Let us see the different scenarios when the Excel** YIELD **function returns error values.

Suppose we need to enter the **YIELD()** argument values in the table below, calculate the specific security yield, and display the output in cell B13.

So, we will enter the **YIELD()**,with the required inputs supplied, in the target cell B13. However, the Excel** YIELD **function might throw errors if the source data contains incorrect values.

**settlement or****maturity –****Invalid Date**

Here, the maturity date is invalid; it is **11/31/2024** instead of **11/30/2024**, leading to the **YIELD()** returning the **#VALUE!** error.

**YIELD() Argument Values – Non-numeric**

In this case, the **basis **argument value should be **0**, but the supplied value is “**NIL**”, which makes the **YIELD()** throw the **#VALUE!** error.

**settlement Greater than or Equal To****maturity**

The above data shows that the **settlement **date falls after **maturity**, causing the **YIELD() **to return the **#NUM!** error.

**rate****Is Less Than****0**

In this case, the **rate** argument value is a negative percentage value, leading to the **YIELD()** throwing an error.

**pr or****redemption****Is Less or Equal To 0**

Here, the **YIELD()** output is the **#NUM!** error as the **pr **argument value is **0** instead of a value greater than zero.

**frequency Is Not 1, 2, or 4**

The **frequency** argument value can be 1, 2, or 4. However, as per the given input, the argument **frequency** is **3**, and thus the **YIELD()** output is an error value.

**basis Is Not 0, 1, 2, 3, or 4**

The supplied **basis** argument value is **6**, which is an incorrect value. The argument **basis** can be a value from** 0** to **4**.

Thus, the **YIELD()** will return the required value when we resolve the above issues.

### Important Things To Note

- It is best to supply the date arguments to the Excel
**YIELD**function as cell references to dates or formulas returning dates. And if entering the date values directly in the**YIELD()**, use the**DATE()**to avoid supplying invalid date values. - For invalid
**settlement**or**maturity**dates or non-numeric argument values, the**YIELD()**throws the**#VALUE!**error. - Suppose
**settlement**is greater or equal to**maturity**,**the rate**is less than**0**,**pr**or**redemption**<=**0**,**frequency**is not**1**,**2**, or**4**, or basis is not**0**,**1**,**2**,**3**, or**4**. Then the**YIELD()**return value will be the**#NUM!**error.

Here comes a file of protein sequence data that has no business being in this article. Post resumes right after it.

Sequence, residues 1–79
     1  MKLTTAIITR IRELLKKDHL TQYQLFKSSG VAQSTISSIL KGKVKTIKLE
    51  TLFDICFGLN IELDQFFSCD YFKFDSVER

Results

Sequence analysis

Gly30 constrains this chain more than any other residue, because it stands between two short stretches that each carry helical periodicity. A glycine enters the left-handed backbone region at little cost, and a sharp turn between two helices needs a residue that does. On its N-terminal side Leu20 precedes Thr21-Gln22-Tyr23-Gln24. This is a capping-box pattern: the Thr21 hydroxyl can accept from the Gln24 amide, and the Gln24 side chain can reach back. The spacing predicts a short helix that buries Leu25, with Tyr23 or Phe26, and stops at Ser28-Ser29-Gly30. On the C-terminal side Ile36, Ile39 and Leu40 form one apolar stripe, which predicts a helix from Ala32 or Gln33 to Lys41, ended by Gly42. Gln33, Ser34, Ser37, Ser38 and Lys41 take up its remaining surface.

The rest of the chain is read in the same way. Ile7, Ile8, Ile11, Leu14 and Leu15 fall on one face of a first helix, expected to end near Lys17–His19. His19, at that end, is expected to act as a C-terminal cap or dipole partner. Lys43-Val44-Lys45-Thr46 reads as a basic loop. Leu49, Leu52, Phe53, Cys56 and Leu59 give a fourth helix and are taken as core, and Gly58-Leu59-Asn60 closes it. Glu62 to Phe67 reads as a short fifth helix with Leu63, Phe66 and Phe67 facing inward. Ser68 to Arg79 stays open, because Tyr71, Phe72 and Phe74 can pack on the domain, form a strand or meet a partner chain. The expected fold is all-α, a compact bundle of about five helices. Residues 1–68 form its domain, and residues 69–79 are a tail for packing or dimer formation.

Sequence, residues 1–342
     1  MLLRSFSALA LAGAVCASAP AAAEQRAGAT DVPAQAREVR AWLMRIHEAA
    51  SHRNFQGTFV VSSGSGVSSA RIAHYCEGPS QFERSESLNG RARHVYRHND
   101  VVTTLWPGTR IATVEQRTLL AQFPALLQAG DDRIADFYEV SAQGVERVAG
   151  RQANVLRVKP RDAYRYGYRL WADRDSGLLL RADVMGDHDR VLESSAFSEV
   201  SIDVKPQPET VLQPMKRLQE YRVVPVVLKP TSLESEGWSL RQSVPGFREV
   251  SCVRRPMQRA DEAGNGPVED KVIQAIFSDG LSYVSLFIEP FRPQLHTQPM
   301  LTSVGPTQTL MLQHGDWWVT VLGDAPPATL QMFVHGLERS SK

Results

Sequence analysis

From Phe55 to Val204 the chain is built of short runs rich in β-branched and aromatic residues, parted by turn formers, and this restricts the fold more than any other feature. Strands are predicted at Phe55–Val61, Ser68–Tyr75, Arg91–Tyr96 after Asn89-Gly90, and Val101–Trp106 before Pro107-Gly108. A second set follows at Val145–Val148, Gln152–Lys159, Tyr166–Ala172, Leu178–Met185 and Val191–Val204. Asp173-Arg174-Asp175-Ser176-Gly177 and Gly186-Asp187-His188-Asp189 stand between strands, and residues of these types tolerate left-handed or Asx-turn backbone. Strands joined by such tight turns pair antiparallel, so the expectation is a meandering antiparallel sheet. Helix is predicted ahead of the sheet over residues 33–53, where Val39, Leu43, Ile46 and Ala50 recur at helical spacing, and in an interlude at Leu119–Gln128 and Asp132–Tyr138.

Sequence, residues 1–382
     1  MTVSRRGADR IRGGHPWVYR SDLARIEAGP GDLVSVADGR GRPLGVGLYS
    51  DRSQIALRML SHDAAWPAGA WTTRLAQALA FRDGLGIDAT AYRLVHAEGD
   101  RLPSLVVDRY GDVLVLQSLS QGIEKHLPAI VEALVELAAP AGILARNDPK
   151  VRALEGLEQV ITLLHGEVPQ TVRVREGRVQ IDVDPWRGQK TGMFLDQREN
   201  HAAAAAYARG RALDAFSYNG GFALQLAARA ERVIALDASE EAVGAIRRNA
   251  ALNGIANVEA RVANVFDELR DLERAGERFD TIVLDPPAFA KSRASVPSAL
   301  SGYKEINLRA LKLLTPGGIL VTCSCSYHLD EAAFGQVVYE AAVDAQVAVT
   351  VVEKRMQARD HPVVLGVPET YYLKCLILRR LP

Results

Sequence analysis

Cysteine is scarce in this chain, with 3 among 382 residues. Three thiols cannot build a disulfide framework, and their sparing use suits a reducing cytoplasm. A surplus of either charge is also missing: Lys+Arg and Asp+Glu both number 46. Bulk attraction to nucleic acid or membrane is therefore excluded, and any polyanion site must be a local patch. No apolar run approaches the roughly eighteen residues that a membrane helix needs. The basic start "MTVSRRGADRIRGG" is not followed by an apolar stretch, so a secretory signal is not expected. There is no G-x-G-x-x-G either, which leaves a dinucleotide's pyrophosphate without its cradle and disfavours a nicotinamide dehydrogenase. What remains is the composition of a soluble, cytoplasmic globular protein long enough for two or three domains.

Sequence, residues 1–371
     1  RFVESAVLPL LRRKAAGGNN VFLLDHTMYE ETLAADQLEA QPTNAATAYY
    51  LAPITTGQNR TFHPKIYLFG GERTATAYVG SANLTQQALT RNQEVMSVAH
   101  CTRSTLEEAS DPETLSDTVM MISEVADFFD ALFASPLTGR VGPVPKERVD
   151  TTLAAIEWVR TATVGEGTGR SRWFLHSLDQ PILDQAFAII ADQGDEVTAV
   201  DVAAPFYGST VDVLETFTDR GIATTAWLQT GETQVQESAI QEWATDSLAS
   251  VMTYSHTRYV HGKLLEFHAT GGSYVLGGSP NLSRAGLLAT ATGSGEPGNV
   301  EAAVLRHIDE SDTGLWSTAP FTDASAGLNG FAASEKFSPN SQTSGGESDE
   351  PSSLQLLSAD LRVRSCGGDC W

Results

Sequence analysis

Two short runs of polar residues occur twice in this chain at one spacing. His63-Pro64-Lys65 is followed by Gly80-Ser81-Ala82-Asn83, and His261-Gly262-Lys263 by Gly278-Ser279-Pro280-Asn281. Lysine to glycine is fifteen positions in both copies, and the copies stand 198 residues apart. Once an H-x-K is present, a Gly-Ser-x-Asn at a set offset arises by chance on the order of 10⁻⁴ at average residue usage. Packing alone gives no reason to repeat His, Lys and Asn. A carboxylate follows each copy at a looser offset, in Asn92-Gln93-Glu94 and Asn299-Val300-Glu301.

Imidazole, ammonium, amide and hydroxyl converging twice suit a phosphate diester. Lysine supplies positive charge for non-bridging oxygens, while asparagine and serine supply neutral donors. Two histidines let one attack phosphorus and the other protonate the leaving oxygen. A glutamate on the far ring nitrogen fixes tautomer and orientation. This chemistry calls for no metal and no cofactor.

### Frequently Asked Questions (FAQs)

**1. Where is the YIELD function in Excel?**

The **YIELD** function in Excel is in the **Formulas** tab. We can select **Formulas** → **Financial** → **YIELD** to access the function.

**2. What is the settlement in the YIELD function in Excel?**

The **settlement** in the **YIELD** function in Excel indicates the date a buyer trades a coupon, such as a security or bond. For example, a 10-year bond issue date is 1/1/2010, and a buyer purchases it four months later. Then the **settlement** date will be 5/1/2010.

**3. How can you determine the yield of a security with a quarterly coupon payment frequency and Actual/actual basis type using the Excel YIELD function?**

We can determine the yield of a security with a quarterly coupon payment frequency and Actual/actual basis type using the Excel **YIELD** function in the following way.

Let us see the steps with an example.

The below table contains the required input for calculating the yield of a specific security.

In this example, the coupon payment frequency is quarterly. So, the **frequency **argument value is **4**. And the day count basis type is Actual/actual. Hence, the **basis** argument value is **1**.

Suppose the requirement is to show the calculated yield value in cell B13. Then, here is how we can apply the Excel **YIELD** function in the target cell and get the yield value.**• Step 1: **Select the target cell B13, enter the **YIELD()** provided in the Formula Bar in the below image, and press **Enter**.**• Step 2: **Select cell B13 and set the data format as **Percentage** using the **Number Format** option in the **Home** tab.

Thus, the **YIELD()** evaluates the yield of a security, with quarterly coupon payment frequency and Actual/actual day count basis type, as **3.86%**.

### Download Template

This article must be helpful to understand the **Excel YIELD Function**, with its formula and examples. You can download the template here to use it instantly.